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Orphan foal rescued by Irish Horse Welfare Trust

A colt foal aged just one week old is the youngest victim of the equine welfare crisis in Ireland. The foal was spotted in a drain in Co. Kildare by nearby residents who acted quickly and arranged to get him to the Irish Horse Welfare Trust’s rehabilitation farm in Co. Wicklow where he is now being cared for.

Staff at the IHWT have been caring for the orphan foal around the clock, as he needs to be fed a milk replacement formula every few hours. The chestnut colt has been named AJ and is responding well, although Sharon Newsome, founder and manager of the IHWT, says “he is very young to be on his own but we hope he will be ok.” A special little rug was ordered especially for him and his stable is fitted with a heat lamp to help keep him warm. A tiny miniature pony is also keeping him company.

The Irish Horse Welfare operates as the only dedicated Equine Charity in Ireland. The facility in Woodenbridge, Co. Wicklow, can house up to 100 equines at any one time and it has been operating at full capacity for many months.

“It has been one of the most severe winters and, mainly due to the recession, we have had one of our worst years ever at the IHWT,” explains Sharon. “Our policy is to never turn away an animal. Loan homes have been found quickly through the network of friends of the charity. While many of the rescued animals go on to find a new and loving home, there are usually another 10 new ones to fill that place at the IHWT farm.”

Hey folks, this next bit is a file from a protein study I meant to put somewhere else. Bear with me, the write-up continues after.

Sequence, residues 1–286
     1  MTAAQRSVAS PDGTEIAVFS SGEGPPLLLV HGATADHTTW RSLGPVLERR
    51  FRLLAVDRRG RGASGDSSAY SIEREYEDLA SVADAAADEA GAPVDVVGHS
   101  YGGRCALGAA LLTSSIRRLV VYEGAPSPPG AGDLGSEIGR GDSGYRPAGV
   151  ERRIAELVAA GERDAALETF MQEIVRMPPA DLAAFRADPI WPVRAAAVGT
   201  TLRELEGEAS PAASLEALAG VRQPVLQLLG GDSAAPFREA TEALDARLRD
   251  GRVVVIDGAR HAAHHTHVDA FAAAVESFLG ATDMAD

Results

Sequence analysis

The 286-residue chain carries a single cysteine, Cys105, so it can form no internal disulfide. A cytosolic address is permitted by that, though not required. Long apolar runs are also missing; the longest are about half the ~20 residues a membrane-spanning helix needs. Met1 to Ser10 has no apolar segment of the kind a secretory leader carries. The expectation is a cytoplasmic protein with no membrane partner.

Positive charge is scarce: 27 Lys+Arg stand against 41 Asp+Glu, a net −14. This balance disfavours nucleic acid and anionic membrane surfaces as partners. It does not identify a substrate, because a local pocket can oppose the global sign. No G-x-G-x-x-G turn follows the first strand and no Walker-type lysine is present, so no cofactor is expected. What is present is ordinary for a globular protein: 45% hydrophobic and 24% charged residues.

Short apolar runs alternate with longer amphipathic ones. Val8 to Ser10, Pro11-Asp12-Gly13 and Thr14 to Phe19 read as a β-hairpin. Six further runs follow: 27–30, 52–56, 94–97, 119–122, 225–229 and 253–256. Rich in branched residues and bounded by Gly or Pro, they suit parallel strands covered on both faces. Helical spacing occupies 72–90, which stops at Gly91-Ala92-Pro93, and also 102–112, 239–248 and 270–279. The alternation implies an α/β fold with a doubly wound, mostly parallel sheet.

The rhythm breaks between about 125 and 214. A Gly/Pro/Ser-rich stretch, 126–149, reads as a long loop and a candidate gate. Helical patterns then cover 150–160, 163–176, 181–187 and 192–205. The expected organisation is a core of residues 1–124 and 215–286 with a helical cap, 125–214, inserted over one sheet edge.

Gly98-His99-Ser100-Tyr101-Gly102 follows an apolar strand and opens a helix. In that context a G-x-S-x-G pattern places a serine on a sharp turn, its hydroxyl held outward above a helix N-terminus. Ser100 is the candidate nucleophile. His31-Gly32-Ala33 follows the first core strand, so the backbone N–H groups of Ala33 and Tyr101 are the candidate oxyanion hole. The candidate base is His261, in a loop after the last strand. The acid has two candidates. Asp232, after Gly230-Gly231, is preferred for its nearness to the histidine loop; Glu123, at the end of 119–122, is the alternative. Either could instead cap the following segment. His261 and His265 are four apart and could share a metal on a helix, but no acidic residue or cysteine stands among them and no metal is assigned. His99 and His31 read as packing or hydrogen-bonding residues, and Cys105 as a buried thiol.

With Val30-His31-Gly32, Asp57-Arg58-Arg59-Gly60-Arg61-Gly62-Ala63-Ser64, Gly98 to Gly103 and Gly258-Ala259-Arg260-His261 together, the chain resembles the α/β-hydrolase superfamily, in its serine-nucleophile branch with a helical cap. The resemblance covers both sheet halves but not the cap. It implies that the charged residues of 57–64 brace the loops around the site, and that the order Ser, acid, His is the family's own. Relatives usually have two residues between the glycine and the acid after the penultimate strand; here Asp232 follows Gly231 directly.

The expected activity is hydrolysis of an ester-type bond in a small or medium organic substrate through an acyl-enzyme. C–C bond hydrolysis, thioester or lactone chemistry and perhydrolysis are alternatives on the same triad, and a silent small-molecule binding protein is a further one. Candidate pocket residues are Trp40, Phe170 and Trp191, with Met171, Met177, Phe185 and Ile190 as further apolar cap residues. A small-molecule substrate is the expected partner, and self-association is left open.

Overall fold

As Ireland’s only dedicated equine charity and despite the support of the horse racing industry, the specialist facility is currently stretched to its limits. “In 30 years working with horses, I nor my colleagues have never seen anything quite like this, our worry is that this may only be the start as the recession deepens and as foaling gets underway again,” says Sharon.

The cases encountered by the IHWT rescue team this year are mainly horses which have been left on mountains, forests or fields, with no water, shelter or food to survive the coldest winter in 50 years. 

“A lot of our time is spent on the side of mountains and forests, trying to locate animals that are in distress and getting them back to the IHWT for treatment and care. We are here to help. We want to work with owners ultimately to get the right care for the animals. However, we will enforce and work with the Gardai where it is necessary as ultimately the welfare of the animal is our priority,” she adds.

The IHWT currently has a huge array of horses for re-homing, as well as mares foaling, and ponies and would welcome prospective owners to get in touch (

“It is a wonderful feeling to take a rescue horse out of a situation and bring it into a home,” says Katie, IHWT rescue owner. “With two rescues under my belt, in our yard, and they get a lot of special treatment; you just can’t help it after seeing where they have come from. It is a really rewarding feeling you get watching them in the fields. I couldn’t recommend it more.”

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